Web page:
A judge has ordered that medical professionals be allowed to assess migrant camps for inhuman conditions
It’s been months of headlines about inhumane conditions at migrant camps at the U.S.’s southern border, which some experts have called “torture facilities” or said qualify as concentration camps. The Trump Administration’s particularly cruel immigration policies have forced families to be separated from one another, and illegally detained children for weeks or even months in camps. Kids there are dying — at least five of them so far this year — as members of the administration argue that they shouldn’t have to provide detained kids with things like toothbrushes and soap. It’s truly horrifying and heartbreaking, and leaves any empathetic person feeling completely hopeless and powerless.
Now, though, there’s a small shred of hope that things might get better for families and children in detention centers. U.S. District Judge Dolly Gee of California’s Central District ordered on Friday that doctors and health inspectors be granted access to detention facilities so they can independently ensure the government addresses the inhumane conditions there like it’s said it will. Judge Gee gave the Trump administration until July 12, two weeks from the order, to report back on what it has done so far to make migrant detention centers more livable and safe.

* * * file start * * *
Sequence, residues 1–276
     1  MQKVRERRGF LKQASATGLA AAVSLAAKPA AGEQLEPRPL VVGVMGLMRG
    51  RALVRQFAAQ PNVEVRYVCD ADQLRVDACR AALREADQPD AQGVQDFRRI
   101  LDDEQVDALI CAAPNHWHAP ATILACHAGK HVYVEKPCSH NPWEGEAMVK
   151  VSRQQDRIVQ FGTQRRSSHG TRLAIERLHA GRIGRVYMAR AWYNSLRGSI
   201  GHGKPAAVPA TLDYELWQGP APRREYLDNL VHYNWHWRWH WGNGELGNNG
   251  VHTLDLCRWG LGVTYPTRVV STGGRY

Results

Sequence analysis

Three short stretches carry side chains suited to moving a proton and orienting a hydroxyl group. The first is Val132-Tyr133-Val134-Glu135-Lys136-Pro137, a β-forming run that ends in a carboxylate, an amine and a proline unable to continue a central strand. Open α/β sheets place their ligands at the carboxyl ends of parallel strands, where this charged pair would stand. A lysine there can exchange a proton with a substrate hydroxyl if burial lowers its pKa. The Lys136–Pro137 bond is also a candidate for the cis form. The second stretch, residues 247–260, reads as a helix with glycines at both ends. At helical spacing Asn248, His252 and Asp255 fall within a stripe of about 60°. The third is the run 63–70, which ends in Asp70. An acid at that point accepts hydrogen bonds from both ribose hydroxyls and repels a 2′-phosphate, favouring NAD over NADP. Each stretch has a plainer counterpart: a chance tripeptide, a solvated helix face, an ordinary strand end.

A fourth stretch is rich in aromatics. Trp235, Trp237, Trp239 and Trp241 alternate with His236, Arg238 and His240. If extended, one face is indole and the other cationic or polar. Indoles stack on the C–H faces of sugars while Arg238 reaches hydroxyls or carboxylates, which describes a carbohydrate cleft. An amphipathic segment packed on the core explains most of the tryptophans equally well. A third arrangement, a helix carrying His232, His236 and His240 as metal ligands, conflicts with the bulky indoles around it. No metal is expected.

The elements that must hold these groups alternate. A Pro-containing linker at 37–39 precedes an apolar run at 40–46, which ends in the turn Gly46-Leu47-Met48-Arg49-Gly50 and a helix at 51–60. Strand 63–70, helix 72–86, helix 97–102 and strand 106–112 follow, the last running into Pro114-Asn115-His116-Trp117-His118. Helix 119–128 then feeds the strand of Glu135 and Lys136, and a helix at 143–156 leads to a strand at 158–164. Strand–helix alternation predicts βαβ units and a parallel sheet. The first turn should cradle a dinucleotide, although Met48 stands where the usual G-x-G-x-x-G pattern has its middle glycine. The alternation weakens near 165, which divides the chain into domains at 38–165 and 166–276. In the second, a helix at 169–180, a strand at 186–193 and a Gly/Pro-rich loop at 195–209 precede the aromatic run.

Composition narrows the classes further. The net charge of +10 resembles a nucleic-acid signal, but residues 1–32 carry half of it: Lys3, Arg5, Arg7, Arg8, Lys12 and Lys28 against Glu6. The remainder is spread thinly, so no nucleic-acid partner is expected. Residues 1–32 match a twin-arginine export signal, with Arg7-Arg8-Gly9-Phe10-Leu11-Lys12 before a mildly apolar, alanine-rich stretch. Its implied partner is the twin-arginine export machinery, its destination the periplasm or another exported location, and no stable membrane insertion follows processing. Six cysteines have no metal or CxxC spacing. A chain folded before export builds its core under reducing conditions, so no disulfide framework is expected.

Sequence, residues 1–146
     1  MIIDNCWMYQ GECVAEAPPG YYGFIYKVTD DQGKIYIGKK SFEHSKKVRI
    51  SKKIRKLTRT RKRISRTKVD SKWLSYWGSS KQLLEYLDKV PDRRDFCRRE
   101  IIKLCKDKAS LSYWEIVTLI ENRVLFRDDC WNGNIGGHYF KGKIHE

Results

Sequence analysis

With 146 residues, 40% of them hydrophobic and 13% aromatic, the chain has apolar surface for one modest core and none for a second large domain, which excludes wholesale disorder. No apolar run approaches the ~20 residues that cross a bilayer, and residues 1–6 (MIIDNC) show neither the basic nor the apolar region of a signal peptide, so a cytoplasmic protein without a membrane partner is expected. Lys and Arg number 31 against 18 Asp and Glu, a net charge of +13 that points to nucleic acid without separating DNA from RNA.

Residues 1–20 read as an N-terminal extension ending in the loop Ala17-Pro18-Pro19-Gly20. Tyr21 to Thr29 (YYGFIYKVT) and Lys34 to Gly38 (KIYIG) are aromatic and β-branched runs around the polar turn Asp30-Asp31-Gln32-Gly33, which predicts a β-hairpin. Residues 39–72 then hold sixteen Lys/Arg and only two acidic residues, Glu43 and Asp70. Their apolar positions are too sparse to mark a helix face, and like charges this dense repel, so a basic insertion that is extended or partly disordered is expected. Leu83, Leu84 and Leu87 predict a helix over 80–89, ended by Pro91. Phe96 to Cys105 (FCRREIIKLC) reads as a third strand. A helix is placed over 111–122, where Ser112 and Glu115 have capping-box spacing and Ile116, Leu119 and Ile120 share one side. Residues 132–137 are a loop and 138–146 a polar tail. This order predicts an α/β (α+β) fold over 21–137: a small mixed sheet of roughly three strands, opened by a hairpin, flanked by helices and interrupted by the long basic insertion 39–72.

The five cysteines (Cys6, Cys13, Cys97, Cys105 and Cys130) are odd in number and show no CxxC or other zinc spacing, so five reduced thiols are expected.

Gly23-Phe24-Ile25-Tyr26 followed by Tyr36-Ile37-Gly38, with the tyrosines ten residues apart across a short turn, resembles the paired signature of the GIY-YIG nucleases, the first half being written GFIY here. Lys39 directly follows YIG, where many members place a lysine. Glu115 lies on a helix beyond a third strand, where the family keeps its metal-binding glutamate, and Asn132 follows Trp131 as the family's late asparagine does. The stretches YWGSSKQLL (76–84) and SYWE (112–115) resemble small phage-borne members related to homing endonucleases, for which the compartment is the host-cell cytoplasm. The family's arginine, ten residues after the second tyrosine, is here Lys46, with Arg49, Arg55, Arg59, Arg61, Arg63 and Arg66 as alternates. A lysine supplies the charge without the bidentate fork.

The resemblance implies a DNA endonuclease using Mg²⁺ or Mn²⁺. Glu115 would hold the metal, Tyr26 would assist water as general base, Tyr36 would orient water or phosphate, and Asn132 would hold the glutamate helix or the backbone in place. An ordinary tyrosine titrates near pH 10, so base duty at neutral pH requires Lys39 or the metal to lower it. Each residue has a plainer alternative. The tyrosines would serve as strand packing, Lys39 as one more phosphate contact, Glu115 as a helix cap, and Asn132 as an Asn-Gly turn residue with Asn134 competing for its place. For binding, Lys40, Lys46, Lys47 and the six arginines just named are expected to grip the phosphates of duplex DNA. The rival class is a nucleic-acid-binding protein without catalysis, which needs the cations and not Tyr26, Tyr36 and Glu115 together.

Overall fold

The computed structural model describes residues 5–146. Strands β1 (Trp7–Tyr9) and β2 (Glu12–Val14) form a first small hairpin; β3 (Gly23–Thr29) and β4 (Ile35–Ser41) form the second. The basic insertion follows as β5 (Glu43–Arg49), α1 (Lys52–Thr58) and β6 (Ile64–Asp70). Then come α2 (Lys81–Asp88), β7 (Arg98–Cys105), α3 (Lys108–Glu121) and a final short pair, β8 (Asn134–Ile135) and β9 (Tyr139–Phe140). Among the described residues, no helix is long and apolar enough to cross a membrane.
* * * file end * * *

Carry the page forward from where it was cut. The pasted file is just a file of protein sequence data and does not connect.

The order comes after a group of lawyers filed a restraining order asking that the Trump administration be held in contempt of court for taking no steps toward fixing the deplorable conditions in camps along the southern border.
“Children are held for weeks in deplorable conditions, without access to soap, clean water, showers, clean clothing, toilets, toothbrushes, adequate nutrition or adequate sleep,” the court filing read. “The children, including infants and expectant mothers, are dirty, cold, hungry and sleep-deprived.”
There have been stories that have emerged about kids in these camps saying they’re constantly hungry because they aren’t given enough to eat. Kids as young as 7 or 8 are sleep-deprived because it’s their job to care for toddlers and infants in the camps. This is truly an atrocious violation of human rights that the U.S. will be answering for in the years to come, but at least now, people with medical training will be allowed to assess the safety of the facilities and hold the government accountable. We’re still caging children for political reasons, but maybe, hopefully, no more of those children will die.
It’s heart-wrenching that it took a judge’s order to allow medical professionals into facilities where children are literally dying. But it’s a step, and it’s in the right direction. We elected the monster who is causing this to happen, and now we have to do what we can to protect these kids (and their families) while the case works through the courts.